So I have a friend who has a friend who does sweepstakes as a hobby. I know. Sounds like doing bath salts as a dessert. Or doing your nails as massage. Wait. People actually do that. Anyway, he raked. Like a serious family vacay every year. Hawaii not Dollywood. Sorry, Mom and Dad (they’re D-Wood GOLD VIP.) He had a garage and guest room full of prize. A dozen waffle irons. Four mopeds. A year’s supply of Mop ‘n Glow. Stacked to the ceiling, Ali Baba style. (I’m just guessing about the waffle irons; that would be pretty amazing though.)

So he set aside $30 every month of discretionary household money. Instead of golfing or fishing or a gym membership or coin collecting or LARPing, he would use the $30 to purchase postage for various nationwide and regional promotional giveaways. Apparently there is a publication that provides regular information about sweepstakes and their specifications. Region. Number of prizes. Advertising reach. So if a large number of prizes were being given away in a promotion of limited reach, you had a sense about the probability of winning.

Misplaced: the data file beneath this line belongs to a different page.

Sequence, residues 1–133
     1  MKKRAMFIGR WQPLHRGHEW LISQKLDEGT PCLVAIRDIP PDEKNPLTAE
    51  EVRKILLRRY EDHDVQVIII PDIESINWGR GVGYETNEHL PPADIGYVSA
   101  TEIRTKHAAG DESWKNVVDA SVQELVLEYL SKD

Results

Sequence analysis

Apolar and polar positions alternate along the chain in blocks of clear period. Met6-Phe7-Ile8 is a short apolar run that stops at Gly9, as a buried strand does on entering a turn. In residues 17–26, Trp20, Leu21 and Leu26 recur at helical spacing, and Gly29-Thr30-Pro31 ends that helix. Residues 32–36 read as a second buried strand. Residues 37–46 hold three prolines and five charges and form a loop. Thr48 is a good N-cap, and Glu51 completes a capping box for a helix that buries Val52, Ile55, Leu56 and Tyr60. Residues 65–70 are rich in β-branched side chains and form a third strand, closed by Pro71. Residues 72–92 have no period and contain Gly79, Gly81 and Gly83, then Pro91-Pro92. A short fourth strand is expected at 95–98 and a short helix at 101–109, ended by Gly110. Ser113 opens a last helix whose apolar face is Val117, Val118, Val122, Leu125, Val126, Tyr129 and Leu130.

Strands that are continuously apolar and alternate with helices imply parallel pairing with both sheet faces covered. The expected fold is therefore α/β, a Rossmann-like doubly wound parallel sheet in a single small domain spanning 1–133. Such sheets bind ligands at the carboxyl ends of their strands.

Anyway, a new golf club company was giving away 30 bags of clubs. My friend told me that his friend said that this was pretty much a sweepstakes lead-pipe cinch. Sure enough, all three of us won. 10% of the bags. And, that’s why, to this day, you’ll never catch me driving anything other than a Slotline. “Slotline. Keep your slot right on the line.” ?? I’m not sure they actually have a slogan. And, the fact you’ve never heard of Slotline or that Tiger Woods wouldn’t scratch his backside with a Slotline or that his wife wouldn’t even use a Slotline to bust out a windshield to kill her husband is just a testimony to the good ol’ boy, backward mentality of golf. Unbelievable. Because, I’ve used a Slotline. And, trust me. It will put you into the same woods as your fancy sticks — for half the price.

So as it turns out, my friend’s friend was a pastor. Playing games of chance. The shame. “The Devil’s Ruse.” “Hell’s Gambit.” “The Card Shuffle Souffle.” “Roulette’s Underpants.” “The Snake Oil Milkshake.” “The Ol’ Getcha.” (I made all of those up.)